Where Next for Social Franchising?
By Anna Gerrard, PSI
A couple of weeks ago, in a remote corner of New Hampshire, a small group of like-minded people met to discuss social franchising. The University of New Hampshire and the International Franchise Association brought together people from many diverse areas, such as the health sector, agri-business and water sectors with a common mission: how to build the social franchising ecosystem among diverse contexts, consumers, financing, and donor/investor relationships.
PSI first began its work in social franchising over two decades ago. This work was based on the idea that we could increase and sustain access to private health services at scale. Our approach has led to the growth of the largest health social franchise in the world, with more than 11,500 franchisees in 24 countries. Each year, PSI provides close to 9 million people with access to basic health services. Despite great achievements in making these services available to so many people, over the years we’ve increasingly recognized that not everything that appears broken in the health system can be fixed in exactly the same way in every country. Simply, because no health system and market is identical. Here are a few lessons we shared at the meeting.
Understanding the market
Every business needs to take into account the broader market as part of its business plan. The same is true for a health social franchise, which operates within a complex system made up of varying degrees of interrelated components and actors. For a succesful social franchise, we need to understand the entire system – from the market support functions, including market rules and regulation (e.g., around quality or financing), to the actors across the value chain (e.g., the government, health providers, commodity importers) – and learn what resonates with health consumers before designing solutions.
PSI took this approach to better understand the market for voluntary family planning in India’s two most populous states, Uttar Pradesh and Bihar. Using a market landscape analysis, we identified why tens of millions of women who need family planning are not using any modern methods. Female sterilization has been the major option for most women, many of whom are simply unaware of other options. The solution—to offer a wider range of voluntary FP methods—was designed to solve this market failure. While the path to distribution of those methods bears many of the hallmarks of traditional social franchising, the market development model takes a more agile and adaptable approach to fit with the needs of consumers, health providers and other health market actors.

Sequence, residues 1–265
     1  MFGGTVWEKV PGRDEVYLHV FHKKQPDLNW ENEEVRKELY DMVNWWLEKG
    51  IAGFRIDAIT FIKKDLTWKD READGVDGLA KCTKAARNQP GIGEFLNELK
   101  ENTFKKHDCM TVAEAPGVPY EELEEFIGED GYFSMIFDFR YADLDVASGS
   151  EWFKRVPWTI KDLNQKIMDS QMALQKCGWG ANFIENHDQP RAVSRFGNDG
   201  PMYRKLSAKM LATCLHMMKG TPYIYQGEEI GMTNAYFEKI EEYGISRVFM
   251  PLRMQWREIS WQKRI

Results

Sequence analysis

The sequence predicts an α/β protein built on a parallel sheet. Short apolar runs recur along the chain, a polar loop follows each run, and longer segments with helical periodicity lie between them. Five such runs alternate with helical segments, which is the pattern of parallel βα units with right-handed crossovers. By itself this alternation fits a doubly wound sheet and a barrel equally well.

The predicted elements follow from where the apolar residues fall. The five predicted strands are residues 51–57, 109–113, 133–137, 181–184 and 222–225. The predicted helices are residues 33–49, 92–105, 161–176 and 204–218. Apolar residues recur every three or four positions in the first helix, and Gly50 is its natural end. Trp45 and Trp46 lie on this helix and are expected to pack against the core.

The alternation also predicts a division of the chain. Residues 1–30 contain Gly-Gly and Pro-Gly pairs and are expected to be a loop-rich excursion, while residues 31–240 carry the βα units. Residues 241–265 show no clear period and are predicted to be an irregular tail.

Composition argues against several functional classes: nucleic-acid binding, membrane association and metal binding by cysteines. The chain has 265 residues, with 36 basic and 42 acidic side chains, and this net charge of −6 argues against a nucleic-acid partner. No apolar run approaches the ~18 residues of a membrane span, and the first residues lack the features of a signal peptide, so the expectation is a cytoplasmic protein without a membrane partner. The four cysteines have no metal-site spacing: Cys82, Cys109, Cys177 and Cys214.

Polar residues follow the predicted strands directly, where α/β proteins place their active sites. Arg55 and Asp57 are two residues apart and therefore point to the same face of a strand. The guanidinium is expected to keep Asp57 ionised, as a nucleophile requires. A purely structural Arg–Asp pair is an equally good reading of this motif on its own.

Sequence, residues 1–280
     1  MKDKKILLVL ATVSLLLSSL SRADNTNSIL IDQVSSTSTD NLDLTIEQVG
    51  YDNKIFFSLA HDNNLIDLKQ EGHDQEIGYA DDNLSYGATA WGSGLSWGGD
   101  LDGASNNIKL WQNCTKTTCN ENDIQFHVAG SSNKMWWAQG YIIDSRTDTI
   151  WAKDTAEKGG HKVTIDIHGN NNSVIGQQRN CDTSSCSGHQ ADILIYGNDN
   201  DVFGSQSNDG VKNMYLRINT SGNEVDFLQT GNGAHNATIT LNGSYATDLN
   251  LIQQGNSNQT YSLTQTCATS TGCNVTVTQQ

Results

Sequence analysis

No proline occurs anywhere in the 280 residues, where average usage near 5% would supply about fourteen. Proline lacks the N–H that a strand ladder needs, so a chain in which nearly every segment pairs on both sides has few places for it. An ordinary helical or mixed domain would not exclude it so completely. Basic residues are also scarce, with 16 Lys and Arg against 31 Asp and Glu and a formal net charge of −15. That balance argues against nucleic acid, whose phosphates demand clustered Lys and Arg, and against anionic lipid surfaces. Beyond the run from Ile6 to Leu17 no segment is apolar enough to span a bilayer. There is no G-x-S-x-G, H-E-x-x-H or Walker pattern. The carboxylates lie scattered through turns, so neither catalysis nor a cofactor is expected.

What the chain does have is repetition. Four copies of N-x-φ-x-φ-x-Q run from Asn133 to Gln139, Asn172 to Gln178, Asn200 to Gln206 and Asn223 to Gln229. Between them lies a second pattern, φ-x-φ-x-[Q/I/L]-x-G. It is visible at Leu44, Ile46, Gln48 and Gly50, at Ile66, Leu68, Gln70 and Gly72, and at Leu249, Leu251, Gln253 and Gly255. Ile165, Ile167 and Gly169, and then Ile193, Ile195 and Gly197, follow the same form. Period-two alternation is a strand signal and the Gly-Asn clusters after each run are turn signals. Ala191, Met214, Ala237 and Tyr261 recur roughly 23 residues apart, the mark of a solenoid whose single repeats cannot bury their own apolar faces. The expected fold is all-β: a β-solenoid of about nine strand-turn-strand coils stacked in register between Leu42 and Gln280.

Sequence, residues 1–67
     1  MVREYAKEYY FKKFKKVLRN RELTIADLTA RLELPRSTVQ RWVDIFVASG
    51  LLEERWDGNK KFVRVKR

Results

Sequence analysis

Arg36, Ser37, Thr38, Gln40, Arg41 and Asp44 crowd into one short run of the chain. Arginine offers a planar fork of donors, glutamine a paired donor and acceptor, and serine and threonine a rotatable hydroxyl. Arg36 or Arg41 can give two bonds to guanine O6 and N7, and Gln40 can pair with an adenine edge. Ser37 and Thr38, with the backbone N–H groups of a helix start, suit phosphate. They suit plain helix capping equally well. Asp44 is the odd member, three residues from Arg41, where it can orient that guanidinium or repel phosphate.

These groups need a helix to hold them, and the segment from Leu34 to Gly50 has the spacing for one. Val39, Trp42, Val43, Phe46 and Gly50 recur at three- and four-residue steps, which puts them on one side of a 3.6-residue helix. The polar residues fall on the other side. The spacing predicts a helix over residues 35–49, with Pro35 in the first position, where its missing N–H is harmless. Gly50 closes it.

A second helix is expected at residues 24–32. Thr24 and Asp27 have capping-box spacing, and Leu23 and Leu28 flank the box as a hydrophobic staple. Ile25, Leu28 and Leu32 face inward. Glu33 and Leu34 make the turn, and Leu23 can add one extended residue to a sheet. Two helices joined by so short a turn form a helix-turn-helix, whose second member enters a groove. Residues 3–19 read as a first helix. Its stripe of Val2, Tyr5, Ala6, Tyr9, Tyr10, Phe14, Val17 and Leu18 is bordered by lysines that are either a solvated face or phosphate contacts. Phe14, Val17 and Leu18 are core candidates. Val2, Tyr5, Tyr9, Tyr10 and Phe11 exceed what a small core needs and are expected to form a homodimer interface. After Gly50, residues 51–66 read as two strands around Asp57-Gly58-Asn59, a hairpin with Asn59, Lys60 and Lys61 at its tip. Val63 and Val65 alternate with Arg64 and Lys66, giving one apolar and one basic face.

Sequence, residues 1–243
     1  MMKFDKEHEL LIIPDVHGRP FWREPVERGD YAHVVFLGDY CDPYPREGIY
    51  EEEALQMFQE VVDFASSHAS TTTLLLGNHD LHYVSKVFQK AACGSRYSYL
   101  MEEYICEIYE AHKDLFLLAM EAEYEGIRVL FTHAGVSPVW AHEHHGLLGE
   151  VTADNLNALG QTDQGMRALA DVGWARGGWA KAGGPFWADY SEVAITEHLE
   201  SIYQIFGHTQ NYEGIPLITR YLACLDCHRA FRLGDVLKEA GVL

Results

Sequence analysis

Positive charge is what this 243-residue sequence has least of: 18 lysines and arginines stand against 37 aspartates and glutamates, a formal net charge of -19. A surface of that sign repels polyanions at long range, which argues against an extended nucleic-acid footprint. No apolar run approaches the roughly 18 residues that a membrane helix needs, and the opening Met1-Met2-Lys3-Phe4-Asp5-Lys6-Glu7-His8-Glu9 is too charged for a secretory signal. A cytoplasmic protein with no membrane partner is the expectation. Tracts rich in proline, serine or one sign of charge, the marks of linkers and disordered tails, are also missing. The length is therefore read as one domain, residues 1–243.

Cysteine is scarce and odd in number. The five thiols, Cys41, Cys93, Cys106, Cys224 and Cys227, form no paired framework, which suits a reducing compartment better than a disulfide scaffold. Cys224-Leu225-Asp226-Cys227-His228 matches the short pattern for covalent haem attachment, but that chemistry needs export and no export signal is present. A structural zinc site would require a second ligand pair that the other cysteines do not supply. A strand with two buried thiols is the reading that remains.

Be fit for purpose
Just as companies design their value proposition (a service offered to customers to make a company more attractive) around their promise to consumers, social franchising too has to develop different scalable approaches to addressing problems in markets around the world. Over the years, PSI has learned that cost-effective provision of health services and financial sustainability are important parts of being able to deliver on that promise over the long term. In East Africa, we are radically shaking up our approach to the social franchise value proposition and will be among the first to take the leap from social franchising to social enterprise by increasing the revenue streams from revenue sharing, in exchange for benefits that grow the social franchise owner’s business.
Understanding and empowering consumers
Understanding consumer behaviors is part of PSI’s DNA. We know that where a woman will seek care for her child with a fever often differs from where she seeks contraception. This can be true for a woman in the wealthiest section of a society as well as the poorest. PSI pays close attention to the factors that contribute to these choices.
In Myanmar, PSI leverages mobile technology to periodically send notifications about pregnancy, maternal and child health to those who most need it. The products and services she may subsequently desire are also available from the network of providers that make up the franchise. This makes it easier for a woman to manage her health in a way that is more convenient and cost-effective.
The results of the New Hampshire meeting will be live in the coming weeks, in the form of three living case studies working in different sectors. As these three potential franchises receive mentoring support from experts (including PSI) in the areas of health and business over the coming nine months, their development can be followed online. Moving forward, our own approach to cementing quality private health services and ensuring access for all that seek health care also means looking at solutions that are being tried and tested in other sectors. Improving the long-term viability of the market is for the benefit of everyone seeking good quality health care for their families. We don’t have all the answers yet, but we look forward to learning and sharing with the world what happens, what goes well, and what turns out to be a lot harder than expected.
Photo credit: Jake LyellOctober 26, 2016